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Post By: swyman » Fri. Nov. 09, 2018 9:53 am

hotblast1357 wrote:
Fri. Nov. 09, 2018 9:33 am
I think it comes down to a pretty crude explanation...

When it’s the coldest time of the year, whatever that might be for you...

if the boiler cannot keep up with all your demands, the boiler is to small for your needs.
This statement should end all conversation. Looking for that missing lottery number that does not exist. This boiler will get me by till I get one that will completely do the job!

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CoalisCoolxWarm
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Post By: CoalisCoolxWarm » Fri. Nov. 09, 2018 10:01 am

Insulation pays dividends every single day you are heating. It is #1 factor.

We've found that the amount of Radiation (baseboard, radiators, etc) is the #2 factor in heating with a boiler. I knew that going in, but the extent was a pretty big surprise!

Even with good zoning (another big help), there is a significant difference between running a zone for 20 mins every 2 hrs vs 45mins per hour to heat a room. If too little, by the time you've put enough BTUs into the room, it is time to start replacing what you've lost.

The faster a zone can be satisfied, the more opportunity to send "full power" to other zones. Sure, they will overlap at times, but a good way to bring down a system and be cold is to have all the zones calling for heat at once. The Delta-T gets too large, recovery eventually exceeds capacity, and lower temps in the zones mean less BTU delivery and longer runtime to meet the load.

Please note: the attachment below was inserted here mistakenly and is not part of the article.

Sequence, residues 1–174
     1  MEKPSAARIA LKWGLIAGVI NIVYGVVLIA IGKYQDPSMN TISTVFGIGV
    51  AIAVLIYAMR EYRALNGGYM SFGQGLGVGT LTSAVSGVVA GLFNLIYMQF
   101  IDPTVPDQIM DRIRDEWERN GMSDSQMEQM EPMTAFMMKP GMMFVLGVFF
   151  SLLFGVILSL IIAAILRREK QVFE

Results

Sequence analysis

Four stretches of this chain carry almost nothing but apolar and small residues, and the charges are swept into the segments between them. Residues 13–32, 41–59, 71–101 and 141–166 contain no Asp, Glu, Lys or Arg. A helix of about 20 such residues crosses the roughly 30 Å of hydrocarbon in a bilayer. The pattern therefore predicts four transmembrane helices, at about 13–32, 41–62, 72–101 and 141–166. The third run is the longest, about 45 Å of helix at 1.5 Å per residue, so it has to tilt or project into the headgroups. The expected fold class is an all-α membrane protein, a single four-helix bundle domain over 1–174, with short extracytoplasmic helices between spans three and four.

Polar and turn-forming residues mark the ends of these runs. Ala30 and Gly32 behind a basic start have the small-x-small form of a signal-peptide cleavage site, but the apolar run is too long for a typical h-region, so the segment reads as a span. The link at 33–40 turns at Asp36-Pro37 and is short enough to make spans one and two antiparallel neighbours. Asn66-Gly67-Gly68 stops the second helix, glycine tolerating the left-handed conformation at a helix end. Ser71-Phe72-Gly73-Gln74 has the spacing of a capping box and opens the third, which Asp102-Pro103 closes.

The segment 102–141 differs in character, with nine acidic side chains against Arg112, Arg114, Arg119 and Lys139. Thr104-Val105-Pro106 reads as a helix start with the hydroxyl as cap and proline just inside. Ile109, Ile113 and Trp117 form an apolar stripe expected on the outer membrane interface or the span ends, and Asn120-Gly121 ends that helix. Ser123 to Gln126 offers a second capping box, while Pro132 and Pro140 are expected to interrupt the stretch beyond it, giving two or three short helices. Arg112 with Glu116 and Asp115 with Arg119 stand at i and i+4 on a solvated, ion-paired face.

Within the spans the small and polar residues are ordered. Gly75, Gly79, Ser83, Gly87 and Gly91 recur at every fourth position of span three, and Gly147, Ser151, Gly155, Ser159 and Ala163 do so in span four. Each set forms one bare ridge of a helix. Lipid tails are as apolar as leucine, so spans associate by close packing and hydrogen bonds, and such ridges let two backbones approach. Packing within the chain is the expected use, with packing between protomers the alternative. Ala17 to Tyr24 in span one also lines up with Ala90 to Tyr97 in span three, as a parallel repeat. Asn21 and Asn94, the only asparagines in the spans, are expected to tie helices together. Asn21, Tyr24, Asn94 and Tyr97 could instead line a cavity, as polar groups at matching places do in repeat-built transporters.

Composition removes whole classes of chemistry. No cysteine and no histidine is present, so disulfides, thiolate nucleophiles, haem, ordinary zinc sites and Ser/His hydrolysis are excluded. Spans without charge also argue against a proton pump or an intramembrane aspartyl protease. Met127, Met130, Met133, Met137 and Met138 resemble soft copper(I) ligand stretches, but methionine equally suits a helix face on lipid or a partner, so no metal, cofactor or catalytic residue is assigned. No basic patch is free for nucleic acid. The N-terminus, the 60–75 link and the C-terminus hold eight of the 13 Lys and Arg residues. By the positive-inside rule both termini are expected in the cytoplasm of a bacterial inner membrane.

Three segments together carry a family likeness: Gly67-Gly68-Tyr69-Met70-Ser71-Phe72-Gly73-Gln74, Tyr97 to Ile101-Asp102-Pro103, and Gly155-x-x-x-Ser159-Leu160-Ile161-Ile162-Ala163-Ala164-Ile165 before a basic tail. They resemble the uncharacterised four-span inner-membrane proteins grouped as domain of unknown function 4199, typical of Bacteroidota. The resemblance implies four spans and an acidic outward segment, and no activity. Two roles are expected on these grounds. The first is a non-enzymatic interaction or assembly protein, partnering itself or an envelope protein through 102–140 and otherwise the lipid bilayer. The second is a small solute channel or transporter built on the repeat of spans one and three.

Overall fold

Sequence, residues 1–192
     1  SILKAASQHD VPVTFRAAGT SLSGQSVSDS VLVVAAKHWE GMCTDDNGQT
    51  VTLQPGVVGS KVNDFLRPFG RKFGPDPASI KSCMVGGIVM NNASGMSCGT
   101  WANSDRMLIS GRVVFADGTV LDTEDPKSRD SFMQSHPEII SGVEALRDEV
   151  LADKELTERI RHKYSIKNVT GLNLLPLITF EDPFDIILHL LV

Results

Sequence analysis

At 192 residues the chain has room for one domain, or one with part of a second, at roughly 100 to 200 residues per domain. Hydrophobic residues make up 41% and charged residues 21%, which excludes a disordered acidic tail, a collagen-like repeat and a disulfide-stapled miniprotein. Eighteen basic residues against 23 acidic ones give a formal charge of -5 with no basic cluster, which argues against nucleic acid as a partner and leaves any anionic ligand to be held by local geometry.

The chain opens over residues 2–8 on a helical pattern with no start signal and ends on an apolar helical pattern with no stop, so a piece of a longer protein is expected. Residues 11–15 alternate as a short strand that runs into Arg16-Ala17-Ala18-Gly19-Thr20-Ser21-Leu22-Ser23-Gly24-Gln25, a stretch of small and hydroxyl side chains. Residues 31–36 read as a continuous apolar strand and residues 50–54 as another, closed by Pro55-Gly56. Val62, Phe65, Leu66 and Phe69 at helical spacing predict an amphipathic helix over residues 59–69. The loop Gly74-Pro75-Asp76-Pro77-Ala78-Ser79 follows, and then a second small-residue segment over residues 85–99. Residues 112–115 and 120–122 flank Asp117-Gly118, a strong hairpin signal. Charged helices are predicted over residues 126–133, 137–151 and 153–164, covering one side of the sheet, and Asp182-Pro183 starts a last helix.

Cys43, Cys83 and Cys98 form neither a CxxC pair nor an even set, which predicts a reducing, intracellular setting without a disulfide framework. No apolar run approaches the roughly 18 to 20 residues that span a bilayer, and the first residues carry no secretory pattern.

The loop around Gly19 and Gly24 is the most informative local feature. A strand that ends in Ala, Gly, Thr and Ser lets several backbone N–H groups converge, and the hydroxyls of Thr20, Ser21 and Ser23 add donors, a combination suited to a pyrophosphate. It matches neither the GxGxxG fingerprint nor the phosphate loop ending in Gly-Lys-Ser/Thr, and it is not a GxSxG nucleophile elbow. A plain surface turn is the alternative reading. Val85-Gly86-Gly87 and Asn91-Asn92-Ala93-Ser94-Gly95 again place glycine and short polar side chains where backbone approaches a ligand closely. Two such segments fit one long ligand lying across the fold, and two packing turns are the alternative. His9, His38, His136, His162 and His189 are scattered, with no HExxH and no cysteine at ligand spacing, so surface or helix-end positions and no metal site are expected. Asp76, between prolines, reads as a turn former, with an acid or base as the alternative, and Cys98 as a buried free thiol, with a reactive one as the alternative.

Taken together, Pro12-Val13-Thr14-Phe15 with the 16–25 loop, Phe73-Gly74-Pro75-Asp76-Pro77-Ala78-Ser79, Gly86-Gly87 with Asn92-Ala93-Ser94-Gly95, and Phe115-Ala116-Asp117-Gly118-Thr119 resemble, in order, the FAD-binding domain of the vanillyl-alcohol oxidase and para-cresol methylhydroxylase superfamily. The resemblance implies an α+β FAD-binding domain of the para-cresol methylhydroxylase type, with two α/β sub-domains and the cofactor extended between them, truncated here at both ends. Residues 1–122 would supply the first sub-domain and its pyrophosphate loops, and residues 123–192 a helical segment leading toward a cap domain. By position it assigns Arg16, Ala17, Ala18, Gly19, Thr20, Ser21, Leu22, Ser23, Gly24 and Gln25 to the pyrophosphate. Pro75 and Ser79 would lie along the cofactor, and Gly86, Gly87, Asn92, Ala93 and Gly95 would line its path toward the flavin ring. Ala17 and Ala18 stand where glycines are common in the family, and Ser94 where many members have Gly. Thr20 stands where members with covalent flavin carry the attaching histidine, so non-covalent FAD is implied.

A real snowball effect we try to avoid ;)

I'm sure you considered this when building your system but it doesn't hurt to remind ourselves as the cold sets in for the season

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lsayre
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Location: N/E Ohio, between Medina and Wadsworth

Post By: lsayre » Fri. Nov. 09, 2018 10:03 am

swyman wrote:
Fri. Nov. 09, 2018 9:53 am
This statement should end all conversation. Looking for that missing lottery number that does not exist. This boiler will get me by till I get one that will completely do the job!
Swyman, you truly need to step back and re-think this. Your old 120K BTUH input furnace (oil or propane?) has proven itself capable over the years of meeting your heating needs. So even 1 stoker on your 220K unit should at least come quite close to doing likewise. You seem to have one to perhaps several water related heat moving problems.

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Post By: hotblast1357 » Fri. Nov. 09, 2018 10:08 am

Unless one of those stokers only feeds 4-5 pounds of coal per hour, per his 8-10 pound per hour test he first did with both stokers running..